Defining the Differences: Manufactured Homes, Modular Homes, and “Mobile Homes”

Some people use the terms, ”manufactured home” and “modular home” interchangeably. There are also many that will refer to a manufactured home as a “mobile home.” Following we will attempt at defining the differences between manufactured housing and modular housing. We will also address the fact that there have been zero “mobile homes” built in over four decades!

A high percentage of modular homes in the U.S. are built by traditional manufactured home companies with the same assembly line production system utilized in the production of manufactured homes, including the same floor plans, features, and amenities. The differences are the building construction codes and the manner in which the home will be sited, which we will address in the definitions that follow.


What is a manufactured home? 

First of all, a manufactured home is not a “mobile home.” In fact, there have been no mobile homes built in over 45 years. Say what? July 15, 1976, was the implementation date of a law passed by the U.S. Congress titled, The Federal Construction and Safety Standard Act, administered by the Department of Housing and Urban Development (HUD). The HUD Code regulates manufactured home design and construction, strength and durability, fire resistance, wind safety, energy efficiency, and overall quality. The Hud Code also sets performance standards for heating, plumbing, air conditioning, and thermal and electrical systems. Manufactured homes are the only form of housing subject to a federally mandated national building code!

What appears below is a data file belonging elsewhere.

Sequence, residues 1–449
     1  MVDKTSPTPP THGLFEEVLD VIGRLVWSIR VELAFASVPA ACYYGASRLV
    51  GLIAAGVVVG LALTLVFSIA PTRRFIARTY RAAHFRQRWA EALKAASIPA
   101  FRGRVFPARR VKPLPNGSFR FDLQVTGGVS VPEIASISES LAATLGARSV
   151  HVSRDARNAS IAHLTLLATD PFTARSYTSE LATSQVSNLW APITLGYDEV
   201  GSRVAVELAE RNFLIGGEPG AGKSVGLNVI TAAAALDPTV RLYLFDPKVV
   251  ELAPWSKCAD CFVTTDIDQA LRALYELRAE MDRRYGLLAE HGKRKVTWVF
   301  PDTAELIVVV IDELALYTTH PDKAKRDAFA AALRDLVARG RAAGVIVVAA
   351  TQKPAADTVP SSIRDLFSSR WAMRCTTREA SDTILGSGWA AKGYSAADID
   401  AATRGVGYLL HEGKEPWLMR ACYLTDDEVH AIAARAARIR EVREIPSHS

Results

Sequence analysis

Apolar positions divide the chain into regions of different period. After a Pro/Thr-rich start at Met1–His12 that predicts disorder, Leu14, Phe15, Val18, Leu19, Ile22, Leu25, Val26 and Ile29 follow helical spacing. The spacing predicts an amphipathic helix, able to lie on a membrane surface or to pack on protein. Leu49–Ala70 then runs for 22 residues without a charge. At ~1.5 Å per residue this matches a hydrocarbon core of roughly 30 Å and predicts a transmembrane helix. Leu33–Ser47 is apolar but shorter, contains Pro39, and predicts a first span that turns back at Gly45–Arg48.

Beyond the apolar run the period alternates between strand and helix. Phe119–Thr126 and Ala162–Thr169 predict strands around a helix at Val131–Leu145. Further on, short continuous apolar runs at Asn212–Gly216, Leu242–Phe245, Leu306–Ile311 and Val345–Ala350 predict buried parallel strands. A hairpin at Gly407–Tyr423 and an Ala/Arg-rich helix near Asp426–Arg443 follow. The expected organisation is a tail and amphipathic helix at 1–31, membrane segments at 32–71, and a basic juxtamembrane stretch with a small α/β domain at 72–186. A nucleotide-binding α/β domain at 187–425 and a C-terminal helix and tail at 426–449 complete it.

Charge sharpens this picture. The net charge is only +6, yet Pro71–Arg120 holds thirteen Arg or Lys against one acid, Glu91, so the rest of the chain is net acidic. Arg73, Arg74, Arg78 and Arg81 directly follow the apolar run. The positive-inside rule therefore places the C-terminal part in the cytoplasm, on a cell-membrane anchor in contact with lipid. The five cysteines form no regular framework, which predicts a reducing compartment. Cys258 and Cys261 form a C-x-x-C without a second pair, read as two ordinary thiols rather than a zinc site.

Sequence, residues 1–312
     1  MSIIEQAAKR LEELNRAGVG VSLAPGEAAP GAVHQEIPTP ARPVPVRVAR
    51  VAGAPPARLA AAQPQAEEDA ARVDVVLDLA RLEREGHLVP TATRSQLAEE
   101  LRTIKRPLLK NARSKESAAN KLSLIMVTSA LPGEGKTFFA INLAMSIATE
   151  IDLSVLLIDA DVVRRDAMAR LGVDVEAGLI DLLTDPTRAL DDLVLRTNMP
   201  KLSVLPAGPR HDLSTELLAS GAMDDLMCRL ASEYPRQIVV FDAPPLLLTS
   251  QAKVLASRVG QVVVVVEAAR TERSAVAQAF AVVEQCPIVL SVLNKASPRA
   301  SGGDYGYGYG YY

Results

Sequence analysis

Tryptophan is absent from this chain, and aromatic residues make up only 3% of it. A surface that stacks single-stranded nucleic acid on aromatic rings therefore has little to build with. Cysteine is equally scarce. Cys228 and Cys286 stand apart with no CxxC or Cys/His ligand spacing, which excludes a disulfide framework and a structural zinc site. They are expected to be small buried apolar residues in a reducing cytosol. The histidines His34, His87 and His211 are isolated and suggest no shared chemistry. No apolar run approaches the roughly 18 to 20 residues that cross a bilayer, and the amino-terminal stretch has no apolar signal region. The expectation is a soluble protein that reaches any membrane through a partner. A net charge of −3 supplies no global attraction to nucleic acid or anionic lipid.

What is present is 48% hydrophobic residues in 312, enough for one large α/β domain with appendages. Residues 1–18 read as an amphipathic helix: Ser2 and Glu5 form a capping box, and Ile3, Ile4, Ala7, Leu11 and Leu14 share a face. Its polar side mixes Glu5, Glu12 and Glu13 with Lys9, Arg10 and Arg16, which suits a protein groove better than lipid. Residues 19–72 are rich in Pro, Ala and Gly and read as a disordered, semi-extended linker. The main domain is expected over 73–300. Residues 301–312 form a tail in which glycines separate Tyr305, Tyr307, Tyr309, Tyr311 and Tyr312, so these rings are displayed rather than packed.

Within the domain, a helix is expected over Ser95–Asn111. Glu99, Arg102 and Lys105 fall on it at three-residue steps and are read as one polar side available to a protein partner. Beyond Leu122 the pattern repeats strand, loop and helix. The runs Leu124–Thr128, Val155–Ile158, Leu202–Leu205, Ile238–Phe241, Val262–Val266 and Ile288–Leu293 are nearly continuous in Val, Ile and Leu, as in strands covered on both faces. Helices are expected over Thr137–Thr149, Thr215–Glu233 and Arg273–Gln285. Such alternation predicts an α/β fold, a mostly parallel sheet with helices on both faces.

Finding high-quality affordable housing is becoming harder and harder to find. Today’s modern manufactured home is a viable solution to the uniquely American dream of quality homeownership. Manufactured home producers offer a wide selection of floor plans, models, sizes, and customizing options to fit a homebuyer’s budget, taste, and lifestyle. A new manufactured home will be built with quality, features, and amenities equal, and often superior to a comparable site-built home with typically a sales price about 50% less.

Modular home shoppers may not be aware that HUD Code manufactured home producers are also the largest builders and sellers of IRC modular homes in North America, by far.


What is a modular home?

Simply stated, a modular home is a home built in a factory setting, to a local state code. In most cases, states have adopted the International Residential Code or IRC. These homes are often called “factory-built,” “systems-built” or “pre-fab homes”. 

A high percentage of modular homes in the U.S. are built by traditional manufactured home builders with the same assembly line production system utilized in producing HUD Code homes but built to IRC standards for factory-built homes. Other modular homes are built in modular home-only facilities, starting out as sections, or “modules,” and then transported to the building site and assembled. This assembly process can be likened to building with Lego blocks.

Manufactured home modulars are primarily built “on-frame” with the frame and chassis removed after transport to the site. “Off-frame” requires sections and modules to be hauled on flatbed trailers and often requires crane services to assist with home placement.


What are other differences between manufactured and modular homes?

Modular homes produced by HUD code manufacturers are similar with features and quality of construction being near equal, with modular pricing slightly higher due to code requirements.

Manufactured homes and manufactured home modulars are usually completed in sections, usually two or three, on a steel frame and chassis and are transported (towed) to the home site with no assembly required at the site except mating of the sections, hooking up utilities, carpet installation, etc.

Modular homes built by “modular only” builders are shipped via flatbed trucks in sections called modules and assembled by builders on-site, often requiring crane service to lower modules onto a foundation.

Modular homes are always built to be attached to private property and classified as real property, and therefore qualify for conventional home mortgage financing. Manufactured homes installed on private property using an approved foundation system may also qualify as real estate  with conventional mortgage financing.
For additional information, visit our companion site  (Resources)

Recent Posts